The Antique Hunters’ Guide to Murder
Published by Pan Macmillan
Reviewed by Anjana Basu

The book begins with a murder in an antique shop which draws Freya and her aunt Carole into a mystery. Arthur, antique lover extraordinaire and a man with a past is found dead at the foot of his old wooden stairs. The police are inclined to dismiss it as a heart attack but a letter from Arthur lands into Freya and Carole’s hands packed with clues that sends them to Copthorn Manor, the house of the late Lord Metcalf which is apparently hosting an antique lover’s retreat. Despite her misgivings, since, a[art from the danger, she is estranged from Arthur who used to be her mentor in antique hunting, Freya accompanies her aunt to the Manor which at first sight appears to be filled with priceless furniture but after a second glance appears to be filled with something quite different. 

Miller lays out her cast of characters – Giles, Phil, Amy, Bella – all of whom have something to hide. They are each given chapters to themselves, in between the narrative which appears to be taking the reader into manor house murder territory. Miller collaborated with her mother who was an antiques expert to bring artefacts like Gillows furniture and a Martin Bros Wally bird into the story, most of which readers would be unfamiliar with. While It has the making of a country house murder, with the usual cast, The Antique Hunters’ Guide to Murder is a guidebook of what to expect in an old manor house with secret panels, outhouses transformed into guest cottages and more. The results of her research have been put to good use so that those unfamiliar with the English countryside will have a vivid perspective,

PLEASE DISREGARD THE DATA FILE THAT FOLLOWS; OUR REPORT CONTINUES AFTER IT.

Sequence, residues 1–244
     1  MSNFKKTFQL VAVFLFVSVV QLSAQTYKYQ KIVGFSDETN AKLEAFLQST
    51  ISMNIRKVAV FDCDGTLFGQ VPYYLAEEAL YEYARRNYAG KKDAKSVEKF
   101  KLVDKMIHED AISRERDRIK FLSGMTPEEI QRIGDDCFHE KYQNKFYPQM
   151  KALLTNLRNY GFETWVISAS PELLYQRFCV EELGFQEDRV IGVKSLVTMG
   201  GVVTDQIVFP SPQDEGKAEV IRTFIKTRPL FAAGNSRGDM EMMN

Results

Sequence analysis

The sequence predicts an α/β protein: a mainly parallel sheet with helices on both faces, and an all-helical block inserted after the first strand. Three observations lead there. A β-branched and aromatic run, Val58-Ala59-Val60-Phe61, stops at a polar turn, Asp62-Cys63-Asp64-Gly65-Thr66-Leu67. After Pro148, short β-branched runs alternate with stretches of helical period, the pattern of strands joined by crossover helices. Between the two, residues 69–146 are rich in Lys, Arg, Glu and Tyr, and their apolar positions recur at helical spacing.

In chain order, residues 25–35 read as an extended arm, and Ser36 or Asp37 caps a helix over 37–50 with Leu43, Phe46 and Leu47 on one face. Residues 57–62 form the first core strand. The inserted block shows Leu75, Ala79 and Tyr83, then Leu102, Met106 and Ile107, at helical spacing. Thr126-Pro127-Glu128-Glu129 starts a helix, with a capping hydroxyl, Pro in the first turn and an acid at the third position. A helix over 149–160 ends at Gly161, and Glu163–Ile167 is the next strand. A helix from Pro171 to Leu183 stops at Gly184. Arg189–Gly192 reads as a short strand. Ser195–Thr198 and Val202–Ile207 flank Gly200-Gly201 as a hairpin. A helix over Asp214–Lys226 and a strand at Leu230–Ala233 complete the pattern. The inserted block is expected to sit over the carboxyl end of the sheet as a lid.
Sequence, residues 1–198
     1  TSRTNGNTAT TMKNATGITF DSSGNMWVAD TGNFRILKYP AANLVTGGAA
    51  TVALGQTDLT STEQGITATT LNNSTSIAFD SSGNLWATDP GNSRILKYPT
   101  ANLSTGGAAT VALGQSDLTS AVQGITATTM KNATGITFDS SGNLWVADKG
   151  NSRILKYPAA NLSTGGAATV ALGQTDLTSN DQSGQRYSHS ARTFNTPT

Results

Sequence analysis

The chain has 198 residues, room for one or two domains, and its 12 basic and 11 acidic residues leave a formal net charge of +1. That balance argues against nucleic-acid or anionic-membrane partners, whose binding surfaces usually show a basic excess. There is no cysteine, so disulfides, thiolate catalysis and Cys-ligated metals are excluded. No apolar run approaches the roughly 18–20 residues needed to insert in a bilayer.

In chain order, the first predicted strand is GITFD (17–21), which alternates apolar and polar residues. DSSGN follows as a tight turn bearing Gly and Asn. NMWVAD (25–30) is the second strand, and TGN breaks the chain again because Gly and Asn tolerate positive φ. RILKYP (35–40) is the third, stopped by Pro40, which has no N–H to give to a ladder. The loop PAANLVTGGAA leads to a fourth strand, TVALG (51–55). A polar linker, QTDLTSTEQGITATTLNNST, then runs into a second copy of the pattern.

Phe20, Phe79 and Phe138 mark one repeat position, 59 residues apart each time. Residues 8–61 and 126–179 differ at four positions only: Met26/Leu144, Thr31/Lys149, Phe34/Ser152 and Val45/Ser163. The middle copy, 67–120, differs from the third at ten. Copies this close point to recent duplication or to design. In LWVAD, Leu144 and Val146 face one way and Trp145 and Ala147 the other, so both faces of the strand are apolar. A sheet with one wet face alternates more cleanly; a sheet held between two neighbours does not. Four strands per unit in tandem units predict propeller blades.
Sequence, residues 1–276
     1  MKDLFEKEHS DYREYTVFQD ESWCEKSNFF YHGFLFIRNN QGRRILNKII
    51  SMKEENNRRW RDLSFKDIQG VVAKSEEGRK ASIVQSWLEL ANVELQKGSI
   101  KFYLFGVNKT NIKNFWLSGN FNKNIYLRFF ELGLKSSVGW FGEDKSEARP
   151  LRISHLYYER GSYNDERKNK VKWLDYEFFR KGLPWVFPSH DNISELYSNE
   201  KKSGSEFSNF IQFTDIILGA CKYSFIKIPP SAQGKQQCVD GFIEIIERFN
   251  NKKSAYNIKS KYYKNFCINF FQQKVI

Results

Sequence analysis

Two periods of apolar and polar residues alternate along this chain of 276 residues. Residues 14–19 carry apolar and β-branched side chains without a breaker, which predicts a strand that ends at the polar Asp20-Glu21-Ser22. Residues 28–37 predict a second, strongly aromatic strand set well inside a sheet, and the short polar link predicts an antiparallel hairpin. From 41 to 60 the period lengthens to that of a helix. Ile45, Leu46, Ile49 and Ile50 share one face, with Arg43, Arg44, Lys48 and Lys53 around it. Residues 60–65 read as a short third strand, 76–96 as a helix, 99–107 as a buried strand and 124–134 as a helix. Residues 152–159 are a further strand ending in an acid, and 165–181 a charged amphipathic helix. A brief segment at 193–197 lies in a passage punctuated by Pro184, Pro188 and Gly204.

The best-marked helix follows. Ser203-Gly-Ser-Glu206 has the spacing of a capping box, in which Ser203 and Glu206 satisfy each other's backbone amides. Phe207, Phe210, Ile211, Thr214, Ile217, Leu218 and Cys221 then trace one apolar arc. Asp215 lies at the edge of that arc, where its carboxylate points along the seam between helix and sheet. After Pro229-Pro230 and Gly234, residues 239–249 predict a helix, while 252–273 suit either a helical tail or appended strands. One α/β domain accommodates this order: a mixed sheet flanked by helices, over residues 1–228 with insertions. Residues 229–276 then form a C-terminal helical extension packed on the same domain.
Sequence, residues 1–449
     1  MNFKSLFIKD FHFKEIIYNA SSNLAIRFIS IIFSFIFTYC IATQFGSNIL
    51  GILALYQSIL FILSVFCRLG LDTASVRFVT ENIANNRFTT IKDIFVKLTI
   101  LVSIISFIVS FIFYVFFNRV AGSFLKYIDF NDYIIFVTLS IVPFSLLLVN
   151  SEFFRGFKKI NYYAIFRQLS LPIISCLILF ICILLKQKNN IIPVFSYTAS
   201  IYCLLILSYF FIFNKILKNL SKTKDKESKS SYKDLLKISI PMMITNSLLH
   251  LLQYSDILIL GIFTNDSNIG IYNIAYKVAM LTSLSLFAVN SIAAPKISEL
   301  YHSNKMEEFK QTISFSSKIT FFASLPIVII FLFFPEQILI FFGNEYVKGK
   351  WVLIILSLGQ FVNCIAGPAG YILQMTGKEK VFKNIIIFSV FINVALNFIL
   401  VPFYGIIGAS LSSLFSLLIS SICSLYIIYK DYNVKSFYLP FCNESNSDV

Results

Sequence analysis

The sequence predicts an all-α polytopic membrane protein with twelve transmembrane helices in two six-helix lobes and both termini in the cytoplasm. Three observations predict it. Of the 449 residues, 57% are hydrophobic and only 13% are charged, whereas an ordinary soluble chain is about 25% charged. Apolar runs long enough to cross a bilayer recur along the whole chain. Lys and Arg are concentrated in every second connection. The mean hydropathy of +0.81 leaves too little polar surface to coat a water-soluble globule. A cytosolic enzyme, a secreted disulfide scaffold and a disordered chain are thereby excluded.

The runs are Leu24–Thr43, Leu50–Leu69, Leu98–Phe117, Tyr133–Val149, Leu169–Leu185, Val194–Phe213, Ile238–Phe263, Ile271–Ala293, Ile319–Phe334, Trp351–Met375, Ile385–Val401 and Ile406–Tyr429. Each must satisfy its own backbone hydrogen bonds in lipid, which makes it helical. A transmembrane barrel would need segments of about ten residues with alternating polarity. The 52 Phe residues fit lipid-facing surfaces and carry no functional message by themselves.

Everyone in grouped together under one roof so to speak and the power also goes providing all the elements for suspense – Miller refers to it as the ‘electric’ – Darkness punctuated by screams to always pleasant to shiver with. There are also anonymous warnings and traces of break in as Carole and Freya find that their cottage has been rummaged through, luckily without their secret stash of Arthur’s journals being discovered. 

Miller’s plot travels back in time to Freya’s beginnings as an antique 

hunter under Arthurs’s guidance, with the death of her boyfriend in Cairo. The murder thereupon takes on thriller undercurrents as Miller opens up about the black market in stolen antiques. Everything is not what it seems in the story and Arthur’s hand is reaching out from beyond the grave to help trap a betraying murderer with wordplay and mire hints. 

The narrative is not quite as fast paced as it might be and Freya is too busy catching up on her past self before her marriage spoilt it all to be believable to begin with. Carole comes across as glamorous, blonde and charming in comparison to her ‘middle aged’ niece who is dressed for some reason in a 

fuddy duddy black number with plastic beads and sequins round the cuff. Freya is not described barring the fact that she finds her real self again, so why Phil, the ‘silver fox’, is attracted to her is hard to explain until one shrugs it off as a writer’s indulgence. Carole gives us a blow by blow account of Phil’s bare torso so that the reader is left in no doubt as to his attractions while Freya remains shrouded in black, characterised only be her IQ where antiques are concerned. Giles, Amy and Franklin too remain shrouded in anonymity physique wise. Perhaps a little description was required in their cases too beyond Giles’ Shanks. 

Miller manages her smoke and mirrors well enough to cover the identity of the murderer, with the usual gathering of the suspects together in one room to await the disclosure. It also seems obvious that the Indiana Jones type antique hunts will continue since Freya has a cruise to Petra booked and Bella is hijacking a van of stolen treasures to return to their rightful countries – though whether for activism or a finder’s fee is unsure. Perhaps also more of Carole’s Pink Panther backstory with Arthus! 

Anjana Basu has to date published 7 novels and 2 books of poetry. The BBC has broadcast one of her short stories. Her by line has appeared in Vogue India, Conde Nast Traveller, Outlook and Hindu Blink.